On 30 May 1900, Littleton, New Jersey, Alice (Hennion) Dixon,
dau. of Horatio Hennion and Margaret Jane Service, copied from her
mothers notes, and that is as follows: It was 3 April when I was
ushered into this world at London Creek, SC, and it seemed to grow
larger all the time. She tells about the various trees and other
plants in SC, and she writes about spinning and weaving, and says her
sister Eliza would weave their dresses. She writes about making
quilts, and says filling quilts fell to her lot, but she would rather
care for the chickens, geese, turkeys and peafowl, and to weave. She
states that her mother made fly brushes from the feathers of the
peacocks, they were used to brush flies away from the table, and would sell these at Coopersville for 50 cents each.

     The Broad River was about a mile and a half away, and
Coopersville was built on it. We used to cross over it in a flat boat
to go to church after the bridge was swept away by a flood. She says
her father was a stone and brick mason, and that he died when she was
about nine years of age. We raised lots of cotton on the farm, also
hogs and sheep, and spun the wool from the sheep.

     My brother James died about two years before father did, and not
a great while after that our house was burned to the ground. She
mentions a young slave named Joe, and said that Mary Ellen went away
and told her to stay, but she went to Uncle Robert's, but before
leaving she put a board on the fire (they apparently had a fire built
outside), and told the slave Joe not to let it go out.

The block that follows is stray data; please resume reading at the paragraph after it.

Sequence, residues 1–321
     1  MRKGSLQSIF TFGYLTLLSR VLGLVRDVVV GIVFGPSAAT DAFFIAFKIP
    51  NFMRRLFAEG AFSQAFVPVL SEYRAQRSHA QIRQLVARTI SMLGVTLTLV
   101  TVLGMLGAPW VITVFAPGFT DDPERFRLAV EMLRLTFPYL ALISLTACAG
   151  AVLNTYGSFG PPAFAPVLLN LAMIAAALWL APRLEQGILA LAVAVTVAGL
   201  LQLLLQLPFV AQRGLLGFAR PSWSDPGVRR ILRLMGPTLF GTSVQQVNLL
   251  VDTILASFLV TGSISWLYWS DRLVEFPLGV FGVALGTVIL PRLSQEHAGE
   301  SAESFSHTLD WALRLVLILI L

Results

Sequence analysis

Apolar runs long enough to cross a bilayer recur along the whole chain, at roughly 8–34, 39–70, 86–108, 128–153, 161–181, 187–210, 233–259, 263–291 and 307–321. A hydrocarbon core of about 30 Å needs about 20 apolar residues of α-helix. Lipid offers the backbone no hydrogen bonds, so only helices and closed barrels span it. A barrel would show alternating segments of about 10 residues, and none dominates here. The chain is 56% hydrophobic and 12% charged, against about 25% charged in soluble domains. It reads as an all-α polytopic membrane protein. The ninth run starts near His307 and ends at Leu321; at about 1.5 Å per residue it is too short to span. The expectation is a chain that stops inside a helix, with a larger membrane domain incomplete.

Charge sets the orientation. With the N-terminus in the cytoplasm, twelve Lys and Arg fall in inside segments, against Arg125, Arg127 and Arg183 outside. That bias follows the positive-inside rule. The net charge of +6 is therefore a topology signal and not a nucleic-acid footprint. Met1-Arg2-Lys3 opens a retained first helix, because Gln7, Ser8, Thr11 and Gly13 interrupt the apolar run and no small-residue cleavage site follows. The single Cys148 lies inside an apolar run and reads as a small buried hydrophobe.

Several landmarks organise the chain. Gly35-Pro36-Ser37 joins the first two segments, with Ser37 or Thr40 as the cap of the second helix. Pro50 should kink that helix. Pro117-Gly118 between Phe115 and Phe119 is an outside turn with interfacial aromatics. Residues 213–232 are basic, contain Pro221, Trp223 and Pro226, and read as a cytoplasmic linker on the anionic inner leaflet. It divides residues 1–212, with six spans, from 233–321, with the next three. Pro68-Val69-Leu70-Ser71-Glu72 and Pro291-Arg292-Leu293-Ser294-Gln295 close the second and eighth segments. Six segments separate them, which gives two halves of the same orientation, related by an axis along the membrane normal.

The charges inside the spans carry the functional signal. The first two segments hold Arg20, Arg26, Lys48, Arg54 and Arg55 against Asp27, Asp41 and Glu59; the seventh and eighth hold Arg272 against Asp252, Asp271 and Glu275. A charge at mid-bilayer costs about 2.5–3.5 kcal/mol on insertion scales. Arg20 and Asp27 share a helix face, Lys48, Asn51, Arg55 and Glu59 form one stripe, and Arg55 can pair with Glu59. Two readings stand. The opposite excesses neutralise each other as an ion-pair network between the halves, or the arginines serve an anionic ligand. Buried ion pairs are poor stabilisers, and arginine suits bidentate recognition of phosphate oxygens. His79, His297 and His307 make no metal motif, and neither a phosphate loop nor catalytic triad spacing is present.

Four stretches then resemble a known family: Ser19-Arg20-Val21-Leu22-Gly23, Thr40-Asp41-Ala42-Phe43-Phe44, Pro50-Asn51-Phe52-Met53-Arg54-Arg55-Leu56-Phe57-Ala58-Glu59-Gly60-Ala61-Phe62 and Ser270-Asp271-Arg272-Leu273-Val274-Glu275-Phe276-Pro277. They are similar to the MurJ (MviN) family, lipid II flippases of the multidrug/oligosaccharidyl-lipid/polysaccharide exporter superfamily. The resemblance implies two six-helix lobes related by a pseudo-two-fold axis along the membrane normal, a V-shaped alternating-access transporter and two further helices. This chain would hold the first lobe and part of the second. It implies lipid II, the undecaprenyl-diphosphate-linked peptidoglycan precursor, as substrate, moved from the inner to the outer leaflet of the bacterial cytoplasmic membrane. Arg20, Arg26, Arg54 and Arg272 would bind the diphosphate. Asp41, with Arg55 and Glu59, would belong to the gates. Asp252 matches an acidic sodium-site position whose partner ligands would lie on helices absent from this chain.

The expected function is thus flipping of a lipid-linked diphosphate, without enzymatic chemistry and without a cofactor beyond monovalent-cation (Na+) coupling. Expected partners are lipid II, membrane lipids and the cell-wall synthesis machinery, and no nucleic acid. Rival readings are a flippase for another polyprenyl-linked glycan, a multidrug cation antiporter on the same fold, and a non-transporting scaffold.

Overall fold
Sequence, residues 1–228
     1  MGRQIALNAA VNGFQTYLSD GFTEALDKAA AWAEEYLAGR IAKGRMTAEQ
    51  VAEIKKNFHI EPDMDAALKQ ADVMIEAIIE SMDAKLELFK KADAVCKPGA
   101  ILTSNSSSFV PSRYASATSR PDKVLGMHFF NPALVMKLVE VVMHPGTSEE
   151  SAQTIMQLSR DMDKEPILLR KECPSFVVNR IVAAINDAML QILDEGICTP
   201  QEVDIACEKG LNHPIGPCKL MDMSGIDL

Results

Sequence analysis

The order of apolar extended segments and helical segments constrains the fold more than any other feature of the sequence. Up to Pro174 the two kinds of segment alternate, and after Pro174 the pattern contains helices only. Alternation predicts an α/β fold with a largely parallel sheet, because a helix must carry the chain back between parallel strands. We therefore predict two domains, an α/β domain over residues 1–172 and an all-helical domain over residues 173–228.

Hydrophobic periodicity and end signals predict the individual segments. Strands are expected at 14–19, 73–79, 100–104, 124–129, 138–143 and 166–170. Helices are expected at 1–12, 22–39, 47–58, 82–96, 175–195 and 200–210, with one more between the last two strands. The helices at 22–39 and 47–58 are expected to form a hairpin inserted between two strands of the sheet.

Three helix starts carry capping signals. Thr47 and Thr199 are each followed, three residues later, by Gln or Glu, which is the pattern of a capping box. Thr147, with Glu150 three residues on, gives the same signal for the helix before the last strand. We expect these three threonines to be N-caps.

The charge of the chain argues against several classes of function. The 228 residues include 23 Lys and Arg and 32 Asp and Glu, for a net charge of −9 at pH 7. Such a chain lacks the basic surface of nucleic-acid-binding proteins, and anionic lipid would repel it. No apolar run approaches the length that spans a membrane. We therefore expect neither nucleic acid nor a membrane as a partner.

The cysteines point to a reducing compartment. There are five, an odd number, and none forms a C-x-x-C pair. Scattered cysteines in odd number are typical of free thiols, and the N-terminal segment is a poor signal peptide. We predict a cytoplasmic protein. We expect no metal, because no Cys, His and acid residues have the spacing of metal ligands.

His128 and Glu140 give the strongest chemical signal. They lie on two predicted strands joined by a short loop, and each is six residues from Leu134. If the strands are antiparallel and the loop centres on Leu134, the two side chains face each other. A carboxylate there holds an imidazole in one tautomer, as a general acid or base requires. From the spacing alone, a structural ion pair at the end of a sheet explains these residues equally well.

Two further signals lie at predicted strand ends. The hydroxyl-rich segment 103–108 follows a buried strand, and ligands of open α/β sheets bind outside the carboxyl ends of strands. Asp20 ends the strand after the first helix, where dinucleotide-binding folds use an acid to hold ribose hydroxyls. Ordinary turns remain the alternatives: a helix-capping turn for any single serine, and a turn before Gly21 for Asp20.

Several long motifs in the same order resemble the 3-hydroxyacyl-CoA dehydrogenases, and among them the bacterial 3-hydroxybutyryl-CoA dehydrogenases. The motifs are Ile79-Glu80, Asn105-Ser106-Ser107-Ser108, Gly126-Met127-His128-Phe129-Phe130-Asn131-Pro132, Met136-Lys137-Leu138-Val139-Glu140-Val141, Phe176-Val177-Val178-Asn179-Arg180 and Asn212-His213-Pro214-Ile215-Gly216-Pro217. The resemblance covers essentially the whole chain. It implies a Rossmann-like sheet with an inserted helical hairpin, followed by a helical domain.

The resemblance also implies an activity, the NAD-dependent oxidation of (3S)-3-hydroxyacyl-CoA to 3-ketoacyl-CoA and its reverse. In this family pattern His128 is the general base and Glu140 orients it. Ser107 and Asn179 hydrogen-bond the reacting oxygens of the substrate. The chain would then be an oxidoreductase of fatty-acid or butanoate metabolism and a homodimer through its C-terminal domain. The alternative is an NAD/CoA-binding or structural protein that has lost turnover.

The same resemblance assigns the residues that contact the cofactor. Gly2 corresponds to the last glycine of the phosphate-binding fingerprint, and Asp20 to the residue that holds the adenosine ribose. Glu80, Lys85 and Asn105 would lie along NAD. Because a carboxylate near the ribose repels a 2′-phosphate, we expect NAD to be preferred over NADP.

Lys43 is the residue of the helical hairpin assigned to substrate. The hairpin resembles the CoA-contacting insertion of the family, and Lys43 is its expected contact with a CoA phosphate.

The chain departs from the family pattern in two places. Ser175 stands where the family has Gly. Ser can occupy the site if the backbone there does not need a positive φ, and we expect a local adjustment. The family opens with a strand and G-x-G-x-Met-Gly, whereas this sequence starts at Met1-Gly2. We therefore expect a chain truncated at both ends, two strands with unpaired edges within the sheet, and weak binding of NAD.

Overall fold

She then says that when she started for home from uncle Robert's that a cousin walked part way with her, and when she arrived at the gate she saw the house afire and ran back to her uncles, but he could only salvage a few things. Apparently the negro slave had let the fire become to large and sparks had ignited the house. That broke up our home and changed things around considerably.

     We went to live with my brother Thomas, who was married to Sarah
McKown, (think that should be spelled McCown. L.L.D.), but I didn't
like that much. In 1853 my sister Eliza, who lived in Georgia, sent
for mother and myself to come and live with her, as her husband James
Gilmer (this is followed by Andrew, Andy, Gilmer in parenthesis
L.L.D.) had the gold fever and had gone to California to make his
fortune and never returned, leaving her with 4 children to struggle
with. Ma and I got ready and in the fall William Ferguson came for us
and I bid farewell to my native home for 21 years. She states that she went back to visit a few months before her mother died, but it looked so desolate and deserted. So many had gone to war and never returned.